With so many job adverts out there it’s important to make your vacancy stand out from the crowd.  A well written advert will help to attract the top candidates and help you to recruit more efficiently.  The following tips will help you to create an effective job advert:

1. Create a job title that candidates will recognise and relate to.  Most job adverts are posted online now so candidates will be entering key words to search for.  The official job title may be ‘Hygiene Operative’ but how many people would enter these words into a search if they were looking for a cleaning job!  Keep it simple, the job title should clearly sum up what the role is.

2. Remember that it’s an advert, you are effectively trying to sell the role to top candidates so make sure that it is upbeat and positive.  Sell you organisation as a great place to work and make people want to apply for the role.

3. Speak to candidates as if the advert is directed at them as individuals so use the word ‘you’ a lot in the advert e.g. ‘Are you looking for a career in hospitality where you can utilise your management skills and experience?’ or ‘For this role you will have experience of working in a business to business sales environment’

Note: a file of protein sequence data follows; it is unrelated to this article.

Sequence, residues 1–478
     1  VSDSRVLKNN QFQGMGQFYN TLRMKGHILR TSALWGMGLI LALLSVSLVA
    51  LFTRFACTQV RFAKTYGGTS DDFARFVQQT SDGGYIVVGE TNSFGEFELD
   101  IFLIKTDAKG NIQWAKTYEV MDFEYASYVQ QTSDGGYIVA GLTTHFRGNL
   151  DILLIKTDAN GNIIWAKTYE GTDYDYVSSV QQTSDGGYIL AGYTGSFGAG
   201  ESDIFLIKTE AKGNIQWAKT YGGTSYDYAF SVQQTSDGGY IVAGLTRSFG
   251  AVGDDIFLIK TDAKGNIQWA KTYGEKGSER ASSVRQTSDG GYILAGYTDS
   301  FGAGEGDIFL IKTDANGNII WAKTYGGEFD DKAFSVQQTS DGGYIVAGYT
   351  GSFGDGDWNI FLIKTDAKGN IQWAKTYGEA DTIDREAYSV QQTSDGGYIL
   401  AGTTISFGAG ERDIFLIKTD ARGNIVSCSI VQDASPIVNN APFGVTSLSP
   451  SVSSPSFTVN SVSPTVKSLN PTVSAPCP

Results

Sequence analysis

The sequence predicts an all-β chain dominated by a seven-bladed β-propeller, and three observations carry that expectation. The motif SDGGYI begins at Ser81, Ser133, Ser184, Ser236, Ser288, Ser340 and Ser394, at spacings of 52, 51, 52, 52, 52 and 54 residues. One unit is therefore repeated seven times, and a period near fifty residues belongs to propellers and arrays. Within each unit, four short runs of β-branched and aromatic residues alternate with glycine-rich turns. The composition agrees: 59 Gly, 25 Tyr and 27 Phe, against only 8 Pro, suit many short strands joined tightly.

4. Nobody wants to read endless paragraphs so keep the advert detailed but concise.  Use short snappy sentences and bullet points to get key messages across.  Keep it structured so that it is easily absorbed and understood by the reader e.g.:

• Intro – catch their attention

• Company information

• Responsibilities

• Person specification i.e. skills, experience and attributes required to do the role

• Rewards and benefits

• Location

• How to apply

Choose a positive attitude to motivate your employees and colleagues…

The attitude you adopt at the workplace affects not only you, but those around you. Enthusiasm and optimism are contagious. Choose to be upbeat and positive, and others will soon be the same.

Five tips to help you stay upbeat:

Be cooperative and approachable.  Your cooperative attitude will be noted by others and reciprocated.

Have open communication.  Regular communication prevents many problems from occurring in the first place. Good communication also helps solve problems that pop up.

Stay calm.  When you’re faced with a difficult situation, don’t allow emotions and pressure to affect how you communicate.

Be part of the solution.  Don’t just identify a problem, propose solutions. Encourage your teams to do the same.

Share good news.  When something good happens, share the news with others and praise those who made it happen.